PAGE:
Oct. 6, 2020
By SHARON GELBACH
The festivals of Sukkot, Simchat Torah and Shemini Atzeret are the pinnacle of the High Holidays, celebrating the gathering in of the harvest. But does the more-than-weeklong feasting with family and friends mean that we must resign ourselves to excess weight?
“Not at all,” pronounced Dr. Rani Polak, founding director of both the Institute of Lifestyle Medicine at Harvard University’s Spaulding Rehabilitation Hospital and of the Center of Lifestyle Medicine at Sheba Medical Center in Israel.
From his work teaching the little-known science of culinary medicine in Israel and the United States, Polak and his team have observed that once people learn not only what constitutes a healthy diet and how to acquire sustainable skills and techniques, “they can enjoy all the traditional foods while staying within the rubric of a healthy lifestyle and optimal weight.”
Polak is not your run-of-the-mill doctor. In the middle of his medical training, frustrated by the lack of direct connection with patients, he took a year off and traveled to Australia. There, he was able to pursue his passion for gourmet cooking, and completed a professional chef’s course at the famed Cordon Bleu cooking school.
In a seminal “aha” moment, it occurred to him that he could integrate his love of cooking with his medical knowledge to help promote good health – an understanding that led him back to medical school to complete his training, and subsequently, to a fellowship at Harvard.
Polak described what his Culinary Healthcare Education Fundamentals (CHEF) coaching program offers beyond information provided by a dietitian.
“Until very recently, the medical profession was focused mainly on knowledge – what constitutes healthy foods,” he explained. “A dietitian will tell you what your plate must look like, but not how to apply that knowledge.
“Look,” he continued, “Western civilization has access to the greatest abundance of food in the history of mankind, not to mention information and technology. And yet, obesity and diabetes have reached epidemic proportions, and we’re also seeing a steady rise in cancers and heart disease, conditions which can be prevented with lifestyle modifications, including proper nutrition. Clearly, there is a gap between what we know and what we do.”
Polak’s work addresses that gap through coaching that takes into account individual needs, habits and preferences. Obstacles are identified and skills are taught to reinforce constructive behaviour.
He and his team are currently in the midst of a four-year study researching the effects of home cooking on weight loss — all the more relevant these days given the newly aroused interest in cooking spurred by COVID lockdowns and restaurant closures.
Even more presciently, the team employed telemedicine (“We used Zoom long before anyone heard of the coronavirus,” Polak said) for cooking classes.
“When we started with telemedicine, I was skeptical. I’m not only a physician; I’m also a chef. I like to touch food, to taste it. Initially, we thought of it as a way of reducing costs and improving accessibility for people who lived far away. With time, however, we made an amazing discovery that was born out scientifically: enabling participants to learn and practice the skills in their home environment, using their own utensils and appliances, proved far more effective.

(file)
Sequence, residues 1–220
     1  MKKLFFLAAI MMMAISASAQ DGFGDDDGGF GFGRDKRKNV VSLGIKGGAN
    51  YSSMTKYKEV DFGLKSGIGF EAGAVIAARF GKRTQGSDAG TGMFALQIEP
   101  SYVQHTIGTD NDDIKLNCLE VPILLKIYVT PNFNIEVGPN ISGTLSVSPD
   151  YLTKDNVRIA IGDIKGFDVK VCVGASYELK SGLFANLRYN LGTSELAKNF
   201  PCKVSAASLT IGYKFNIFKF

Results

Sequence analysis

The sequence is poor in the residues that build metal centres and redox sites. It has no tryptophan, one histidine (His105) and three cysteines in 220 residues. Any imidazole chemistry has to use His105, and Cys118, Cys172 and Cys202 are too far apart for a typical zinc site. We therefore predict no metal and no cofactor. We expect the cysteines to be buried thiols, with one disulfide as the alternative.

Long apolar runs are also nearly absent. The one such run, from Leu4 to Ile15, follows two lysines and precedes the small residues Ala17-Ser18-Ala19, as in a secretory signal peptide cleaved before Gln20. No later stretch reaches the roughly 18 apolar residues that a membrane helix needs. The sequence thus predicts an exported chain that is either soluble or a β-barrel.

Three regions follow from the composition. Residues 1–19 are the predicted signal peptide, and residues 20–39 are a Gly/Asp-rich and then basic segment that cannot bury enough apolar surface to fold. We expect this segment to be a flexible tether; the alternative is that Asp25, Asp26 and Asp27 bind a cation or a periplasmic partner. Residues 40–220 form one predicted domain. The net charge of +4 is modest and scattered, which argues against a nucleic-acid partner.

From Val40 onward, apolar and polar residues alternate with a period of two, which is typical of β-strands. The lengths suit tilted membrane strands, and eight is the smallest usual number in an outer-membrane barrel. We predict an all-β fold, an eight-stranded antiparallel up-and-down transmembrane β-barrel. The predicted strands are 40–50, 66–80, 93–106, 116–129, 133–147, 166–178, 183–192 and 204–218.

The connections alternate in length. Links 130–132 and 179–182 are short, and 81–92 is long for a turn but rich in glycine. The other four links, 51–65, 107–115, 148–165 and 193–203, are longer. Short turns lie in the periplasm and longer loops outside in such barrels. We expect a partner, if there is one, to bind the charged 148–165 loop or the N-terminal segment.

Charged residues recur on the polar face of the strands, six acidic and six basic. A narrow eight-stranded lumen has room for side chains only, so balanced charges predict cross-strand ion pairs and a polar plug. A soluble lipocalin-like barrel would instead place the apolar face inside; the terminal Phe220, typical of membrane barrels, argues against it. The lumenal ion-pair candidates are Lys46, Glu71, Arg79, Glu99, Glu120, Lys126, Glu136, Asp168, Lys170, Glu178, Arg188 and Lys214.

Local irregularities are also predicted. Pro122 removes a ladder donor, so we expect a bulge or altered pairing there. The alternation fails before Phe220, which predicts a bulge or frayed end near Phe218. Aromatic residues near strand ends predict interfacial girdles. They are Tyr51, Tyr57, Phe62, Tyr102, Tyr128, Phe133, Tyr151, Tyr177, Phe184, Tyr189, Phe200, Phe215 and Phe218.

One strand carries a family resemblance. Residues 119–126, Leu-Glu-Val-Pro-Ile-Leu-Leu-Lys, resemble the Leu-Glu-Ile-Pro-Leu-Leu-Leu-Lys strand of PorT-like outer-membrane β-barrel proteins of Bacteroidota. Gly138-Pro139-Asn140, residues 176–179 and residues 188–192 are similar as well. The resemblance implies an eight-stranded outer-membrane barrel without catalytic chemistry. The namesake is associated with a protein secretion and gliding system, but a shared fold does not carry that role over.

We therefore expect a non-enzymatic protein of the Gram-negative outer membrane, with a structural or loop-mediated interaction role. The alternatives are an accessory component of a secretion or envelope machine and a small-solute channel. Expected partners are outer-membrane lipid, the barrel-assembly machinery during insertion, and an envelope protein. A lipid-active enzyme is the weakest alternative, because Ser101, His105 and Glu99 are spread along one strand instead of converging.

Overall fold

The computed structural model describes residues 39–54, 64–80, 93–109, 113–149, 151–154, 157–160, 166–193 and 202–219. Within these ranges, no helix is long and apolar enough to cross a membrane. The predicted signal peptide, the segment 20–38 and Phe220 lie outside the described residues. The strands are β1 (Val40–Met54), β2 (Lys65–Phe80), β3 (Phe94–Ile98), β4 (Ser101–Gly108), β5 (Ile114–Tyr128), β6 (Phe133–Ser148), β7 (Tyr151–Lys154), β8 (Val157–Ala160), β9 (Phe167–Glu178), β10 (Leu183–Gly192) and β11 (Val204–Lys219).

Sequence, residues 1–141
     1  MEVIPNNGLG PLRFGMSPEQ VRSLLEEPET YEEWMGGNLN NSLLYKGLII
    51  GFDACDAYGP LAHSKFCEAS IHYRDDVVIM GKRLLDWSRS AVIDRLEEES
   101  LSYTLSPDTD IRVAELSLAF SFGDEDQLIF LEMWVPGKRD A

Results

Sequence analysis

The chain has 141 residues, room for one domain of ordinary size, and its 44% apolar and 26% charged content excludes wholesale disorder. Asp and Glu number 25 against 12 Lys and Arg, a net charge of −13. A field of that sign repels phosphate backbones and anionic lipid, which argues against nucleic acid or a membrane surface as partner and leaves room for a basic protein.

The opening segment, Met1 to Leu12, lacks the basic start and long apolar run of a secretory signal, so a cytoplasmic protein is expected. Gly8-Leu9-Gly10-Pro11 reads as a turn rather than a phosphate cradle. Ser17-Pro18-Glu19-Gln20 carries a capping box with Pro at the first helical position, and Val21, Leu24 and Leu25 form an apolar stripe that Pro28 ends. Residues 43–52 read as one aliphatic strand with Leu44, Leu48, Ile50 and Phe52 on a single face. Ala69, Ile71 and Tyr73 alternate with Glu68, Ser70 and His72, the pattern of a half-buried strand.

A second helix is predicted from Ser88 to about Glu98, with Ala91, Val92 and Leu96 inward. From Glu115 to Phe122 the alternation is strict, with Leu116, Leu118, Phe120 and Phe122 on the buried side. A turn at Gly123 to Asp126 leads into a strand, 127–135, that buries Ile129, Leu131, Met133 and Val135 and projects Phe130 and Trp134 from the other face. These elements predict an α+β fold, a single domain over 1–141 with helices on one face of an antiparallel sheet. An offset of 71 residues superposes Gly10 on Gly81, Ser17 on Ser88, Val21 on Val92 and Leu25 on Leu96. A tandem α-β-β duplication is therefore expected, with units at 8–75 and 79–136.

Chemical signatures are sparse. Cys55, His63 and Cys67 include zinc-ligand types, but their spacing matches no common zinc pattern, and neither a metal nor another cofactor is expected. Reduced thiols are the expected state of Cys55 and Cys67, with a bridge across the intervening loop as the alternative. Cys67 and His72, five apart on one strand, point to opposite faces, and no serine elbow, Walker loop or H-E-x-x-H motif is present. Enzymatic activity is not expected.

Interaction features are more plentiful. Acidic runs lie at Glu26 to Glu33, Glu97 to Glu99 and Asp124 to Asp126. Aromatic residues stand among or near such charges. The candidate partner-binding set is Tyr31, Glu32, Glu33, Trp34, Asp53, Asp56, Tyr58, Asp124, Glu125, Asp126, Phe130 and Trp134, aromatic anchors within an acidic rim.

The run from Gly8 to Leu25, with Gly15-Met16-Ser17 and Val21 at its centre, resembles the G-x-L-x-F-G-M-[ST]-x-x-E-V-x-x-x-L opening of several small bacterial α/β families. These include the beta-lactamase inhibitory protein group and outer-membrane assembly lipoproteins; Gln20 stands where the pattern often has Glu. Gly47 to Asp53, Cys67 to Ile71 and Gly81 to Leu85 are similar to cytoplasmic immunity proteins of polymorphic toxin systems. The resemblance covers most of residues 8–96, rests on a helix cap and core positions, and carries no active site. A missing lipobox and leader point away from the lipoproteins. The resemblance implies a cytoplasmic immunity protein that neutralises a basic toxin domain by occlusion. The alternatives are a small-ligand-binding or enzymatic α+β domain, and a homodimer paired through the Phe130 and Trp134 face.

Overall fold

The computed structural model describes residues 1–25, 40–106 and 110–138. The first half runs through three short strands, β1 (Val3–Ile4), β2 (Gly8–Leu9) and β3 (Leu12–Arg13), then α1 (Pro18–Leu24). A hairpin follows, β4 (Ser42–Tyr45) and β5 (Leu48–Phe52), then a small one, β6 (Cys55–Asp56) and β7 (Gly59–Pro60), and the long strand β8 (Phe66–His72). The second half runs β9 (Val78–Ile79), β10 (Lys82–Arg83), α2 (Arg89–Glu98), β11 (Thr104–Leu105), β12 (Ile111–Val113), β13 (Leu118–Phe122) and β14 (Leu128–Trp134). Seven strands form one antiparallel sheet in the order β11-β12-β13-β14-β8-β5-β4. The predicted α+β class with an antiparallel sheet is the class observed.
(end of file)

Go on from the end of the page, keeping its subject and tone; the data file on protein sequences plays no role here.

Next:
“Of course, it doesn’t have to be ‘either or.’ With our hybrid programs, we bring participants to a state-of-the-art teaching kitchen for the opening session. That way, we get to know one another and have a chance to socialize. Then, we continue with Zoom meetings, where we all cook together.”
Polak noted that the Mediterranean diet has been proven to have the highest adherence rate over time, and it’s the one used in his team’s study.
Still, he’s wary of a one-size-fits-all approach.
“I work together with other departments at Sheba, and sometimes patients are sent to me with doctors’ recommendations for a different diet, such as one low in carbs.
“Overall, though, I’ve found that when it comes to maintaining a healthy lifestyle in the long term, behavioral techniques are what will make it or break it.”
He believes that one of the most important behavioral skills to acquire is time management.
“Home cooking is by definition more time-consuming than buying ready-made or processed food, and of course, time is a rare commodity in our society. One important tip I teach is to cook in bulk, as simple as it sounds. Sometimes, that can mean just one ingredient; for example, instead of cooking a cup of legumes, cook the whole package, and freeze the rest as a shortcut for the next time. Your freezer is an important asset.”
Polak won’t discourage those who insist on their favourite traditional foods, even those that are high in fat and sugar.
“It really depends on the individual and how strict he decides to be. But there is no evidence-based study indicating that eating those foods very occasionally is harmful to health. Even the Mediterranean diet allows for some wiggle room. So, I’d say moderation is key.”
Sharon Gelbach grew up in Toronto, studied journalism at Carleton University, and moved to Israel in 1982. She lives in the Jerusalem area with her family. A writer, editor and translator, among her many projects are writing PR content for the Sheba Medical Center.